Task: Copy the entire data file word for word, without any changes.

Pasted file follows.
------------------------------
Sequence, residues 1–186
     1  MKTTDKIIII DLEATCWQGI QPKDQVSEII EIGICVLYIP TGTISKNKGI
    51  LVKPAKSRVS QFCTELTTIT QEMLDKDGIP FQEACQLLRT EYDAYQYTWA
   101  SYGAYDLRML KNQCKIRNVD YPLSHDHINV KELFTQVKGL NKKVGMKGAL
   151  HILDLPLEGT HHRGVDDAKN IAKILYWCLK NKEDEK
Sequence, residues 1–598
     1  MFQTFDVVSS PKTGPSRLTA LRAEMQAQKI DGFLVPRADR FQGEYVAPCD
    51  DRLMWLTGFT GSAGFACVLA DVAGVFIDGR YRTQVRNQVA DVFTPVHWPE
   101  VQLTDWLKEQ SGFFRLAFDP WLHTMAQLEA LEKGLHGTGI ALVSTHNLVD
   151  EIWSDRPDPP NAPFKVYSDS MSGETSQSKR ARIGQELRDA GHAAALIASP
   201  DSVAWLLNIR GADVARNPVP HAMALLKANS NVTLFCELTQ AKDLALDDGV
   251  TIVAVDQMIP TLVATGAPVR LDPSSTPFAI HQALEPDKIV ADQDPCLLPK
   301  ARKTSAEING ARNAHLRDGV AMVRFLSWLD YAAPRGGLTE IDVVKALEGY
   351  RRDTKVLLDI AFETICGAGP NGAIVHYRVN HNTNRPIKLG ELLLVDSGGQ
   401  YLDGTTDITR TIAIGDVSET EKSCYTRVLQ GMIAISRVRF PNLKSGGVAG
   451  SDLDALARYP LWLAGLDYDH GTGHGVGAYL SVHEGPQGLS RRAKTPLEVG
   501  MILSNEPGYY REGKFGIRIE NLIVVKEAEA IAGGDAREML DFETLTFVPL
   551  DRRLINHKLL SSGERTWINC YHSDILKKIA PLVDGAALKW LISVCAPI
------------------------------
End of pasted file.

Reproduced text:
Sequence, residues 1–186
     1  MKTTDKIIII DLEATCWQGI QPKDQVSEII EIGICVLYIP TGTISKNKGI
    51  LVKPAKSRVS QFCTELTTIT QEMLDKDGIP FQEACQLLRT EYDAYQYTWA
   101  SYGAYDLRML KNQCKIRNVD YPLSHDHINV KELFTQVKGL NKKVGMKGAL
   151  HILDLPLEGT HHRGVDDAKN IAKILYWCLK NKEDEK
Sequence, residues 1–598
     1  MFQTFDVVSS PKTGPSRLTA LRAEMQAQKI DGFLVPRADR FQGEYVAPCD
    51  DRLMWLTGFT GSAGFACVLA DVAGVFIDGR YRTQVRNQVA DVFTPVHWPE
   101  VQLTDWLKEQ SGFFRLAFDP WLHTMAQLEA LEKGLHGTGI ALVSTHNLVD
   151  EIWSDRPDPP NAPFKVYSDS MSGETSQSKR ARIGQELRDA GHAAALIASP
   201  DSVAWLLNIR GADVARNPVP HAMALLKANS NVTLFCELTQ AKDLALDDGV
   251  TIVAVDQMIP TLVATGAPVR LDPSSTPFAI HQALEPDKIV ADQDPCLLPK
   301  ARKTSAEING ARNAHLRDGV AMVRFLSWLD YAAPRGGLTE IDVVKALEGY
   351  RRDTKVLLDI AFETICGAGP NGAIVHYRVN HNTNRPIKLG ELLLVDSGGQ
   401  YLDGTTDITR TIAIGDVSET EKSCYTRVLQ GMIAISRVRF PNLKSGGVAG
   451  SDLDALARYP LWLAGLDYDH GTGHGVGAYL SVHEGPQGLS RRAKTPLEVG
   501  MILSNEPGYY REGKFGIRIE NLIVVKEAEA IAGGDAREML DFETLTFVPL
   551  DRRLINHKLL SSGERTWINC YHSDILKKIA PLVDGAALKW LISVCAPI